Martin Hislop examines the proposals to rescind the Act of Synod
The Diocese of Southwark, self-appointed trail-blazer in innovation and ‘progressive’ thinking, is leading the call to repeal the Act of Synod. Encouraged by GRAS and Affirming Catholics (virtually interchangeable entities), a motion calling for repeal will be debated at the March Diocesan Synod.
The things they say
Recently I attended two deanery synods and heard two speakers deliver the same call for the end of the Act of Synod on the grounds of its alleged illogicality; its divisiveness; its undermining of episcope; its negative impact on ecumenical relations and its unacceptability to the outside world because of its offence to women.
Both speeches commenced with the assurance that the repeal presents no threat to the Measure and the availability of Resolutions A & B to parishes. Such assurances seek only to disguise the real agenda that drives this campaign.
This is a pre-emptive strike by those who fear that the experience of the campaign for women’s ordination will be revisited in the battle for admission of women to the episcopate. The zealots who campaigned for women priests see in the Act of Synod (and even in the Measure) a generosity that is unacceptable. For them, as Bishop Baker of Salisbury wrote, when he voted against the Act of Synod, it is not a question of righteousness but what is ‘right’. For them the House of Bishops, the General Synod and the Eames Commission are all wrong. No dissent to this innovation can be tolerated.
For them their victory was watered down by the House of Bishops. The zealots fear that the bishops will be even more circumspect when it comes to admission to their sacred club. Nothing must be allowed to tarnish the glittering prize of the jewelled mitre.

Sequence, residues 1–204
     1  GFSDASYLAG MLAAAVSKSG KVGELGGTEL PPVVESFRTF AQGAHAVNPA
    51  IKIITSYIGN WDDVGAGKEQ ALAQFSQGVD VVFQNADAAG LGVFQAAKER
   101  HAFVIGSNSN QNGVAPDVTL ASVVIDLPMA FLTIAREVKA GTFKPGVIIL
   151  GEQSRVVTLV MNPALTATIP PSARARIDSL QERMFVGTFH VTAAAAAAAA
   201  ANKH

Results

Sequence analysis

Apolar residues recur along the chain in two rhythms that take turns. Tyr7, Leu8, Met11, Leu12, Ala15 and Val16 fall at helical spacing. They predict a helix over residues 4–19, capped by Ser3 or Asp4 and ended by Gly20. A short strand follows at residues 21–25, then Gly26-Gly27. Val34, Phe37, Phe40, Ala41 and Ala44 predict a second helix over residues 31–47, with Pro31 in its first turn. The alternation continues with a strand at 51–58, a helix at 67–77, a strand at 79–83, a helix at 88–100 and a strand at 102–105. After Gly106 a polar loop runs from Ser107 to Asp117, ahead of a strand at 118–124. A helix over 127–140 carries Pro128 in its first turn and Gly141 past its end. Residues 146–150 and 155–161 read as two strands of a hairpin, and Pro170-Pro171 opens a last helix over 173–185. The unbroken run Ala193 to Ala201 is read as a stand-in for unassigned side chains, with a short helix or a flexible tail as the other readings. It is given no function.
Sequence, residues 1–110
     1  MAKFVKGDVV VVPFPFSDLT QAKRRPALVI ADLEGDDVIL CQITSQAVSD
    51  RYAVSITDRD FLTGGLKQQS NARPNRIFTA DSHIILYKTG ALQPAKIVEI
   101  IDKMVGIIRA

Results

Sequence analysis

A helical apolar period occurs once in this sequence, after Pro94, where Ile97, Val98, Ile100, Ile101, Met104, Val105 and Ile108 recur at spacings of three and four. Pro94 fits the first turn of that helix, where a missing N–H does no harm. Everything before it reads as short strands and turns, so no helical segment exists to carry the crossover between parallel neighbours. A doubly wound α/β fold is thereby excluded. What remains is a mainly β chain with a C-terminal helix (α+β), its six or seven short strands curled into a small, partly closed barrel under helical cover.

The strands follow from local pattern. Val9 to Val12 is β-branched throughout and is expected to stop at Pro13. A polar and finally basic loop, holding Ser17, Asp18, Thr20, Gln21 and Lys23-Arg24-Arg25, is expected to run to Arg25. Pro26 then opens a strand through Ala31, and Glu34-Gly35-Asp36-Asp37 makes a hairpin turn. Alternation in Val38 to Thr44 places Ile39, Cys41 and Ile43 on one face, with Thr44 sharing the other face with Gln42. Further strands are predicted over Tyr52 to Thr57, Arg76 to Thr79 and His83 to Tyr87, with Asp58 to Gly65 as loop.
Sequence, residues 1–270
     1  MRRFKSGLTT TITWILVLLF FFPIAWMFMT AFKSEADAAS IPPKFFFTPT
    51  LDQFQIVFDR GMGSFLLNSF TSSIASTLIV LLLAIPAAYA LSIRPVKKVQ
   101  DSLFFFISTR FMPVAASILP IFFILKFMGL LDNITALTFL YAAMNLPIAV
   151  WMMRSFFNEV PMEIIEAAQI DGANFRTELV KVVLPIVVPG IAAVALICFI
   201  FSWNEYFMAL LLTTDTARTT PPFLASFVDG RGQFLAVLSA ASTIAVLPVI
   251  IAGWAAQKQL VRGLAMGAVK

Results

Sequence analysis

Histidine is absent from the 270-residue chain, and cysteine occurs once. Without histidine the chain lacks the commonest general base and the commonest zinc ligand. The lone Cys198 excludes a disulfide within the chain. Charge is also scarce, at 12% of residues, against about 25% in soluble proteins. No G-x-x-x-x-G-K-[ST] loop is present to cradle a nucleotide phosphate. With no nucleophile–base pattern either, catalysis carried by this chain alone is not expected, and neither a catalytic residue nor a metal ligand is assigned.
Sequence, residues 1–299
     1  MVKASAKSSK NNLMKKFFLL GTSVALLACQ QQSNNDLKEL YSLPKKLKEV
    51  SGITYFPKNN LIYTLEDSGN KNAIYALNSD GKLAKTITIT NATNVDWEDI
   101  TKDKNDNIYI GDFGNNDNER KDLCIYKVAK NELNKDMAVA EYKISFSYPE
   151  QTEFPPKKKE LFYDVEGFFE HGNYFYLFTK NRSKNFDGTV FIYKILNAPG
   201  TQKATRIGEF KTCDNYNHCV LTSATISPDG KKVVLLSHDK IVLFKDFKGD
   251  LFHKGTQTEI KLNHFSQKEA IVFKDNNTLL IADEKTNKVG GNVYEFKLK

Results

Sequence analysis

The real Agenda
The real agenda was revealed at the Merton Deanery in December when the advocate for repeal, Canon John Shepherd of Battersea, forcefully argued that there may have been grounds for some transitional consideration for priests ordained before 1992, but that any man seeking to be ordained after 1992 should accept that decision. If he had any doubts or misgivings, he must keep them to himself!
This is not far from the Canadian and American stance that insists not only that candidates for ordination must NOT oppose the ordination of women, but that they must manifestly embrace it.
The assurance given that parishes may still have Resolutions A & B is exposed as worthless against the determination to ensure that any period of reception is over and that the ‘right’ position prevails. Remove the Act of Synod, dispense with Extended Episcopal Care and require from candidates to ordination and those seeking preferment that they assent to the new Holy Writ of women’s ordination and Resolutions A & B have been rendered meaningless. What point is there if there are no priests to make that affirmation?
Resolutions A & B may remain on the statute books, but they will be like the meeting of the Chapter of Canterbury Cathedral to elect an archbishop – an empty gesture.
Martin Hislop is parish priest of St Luke, Kingston, in the Diocese of Southwark.